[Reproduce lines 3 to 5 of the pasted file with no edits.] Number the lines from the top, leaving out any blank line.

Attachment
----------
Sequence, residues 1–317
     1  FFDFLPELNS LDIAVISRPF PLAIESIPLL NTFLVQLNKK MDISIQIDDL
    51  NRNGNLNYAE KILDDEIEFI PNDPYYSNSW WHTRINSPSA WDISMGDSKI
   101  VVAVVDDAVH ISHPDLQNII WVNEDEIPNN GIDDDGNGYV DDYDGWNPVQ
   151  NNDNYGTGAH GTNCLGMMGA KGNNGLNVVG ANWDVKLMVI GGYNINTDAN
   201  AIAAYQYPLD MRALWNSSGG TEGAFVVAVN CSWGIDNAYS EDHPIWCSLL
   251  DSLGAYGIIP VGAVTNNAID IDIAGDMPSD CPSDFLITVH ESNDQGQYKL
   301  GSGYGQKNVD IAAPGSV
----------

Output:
    51  NRNGNLNYAE KILDDEIEFI PNDPYYSNSW WHTRINSPSA WDISMGDSKI
   101  VVAVVDDAVH ISHPDLQNII WVNEDEIPNN GIDDDGNGYV DDYDGWNPVQ
   151  NNDNYGTGAH GTNCLGMMGA KGNNGLNVVG ANWDVKLMVI GGYNINTDAN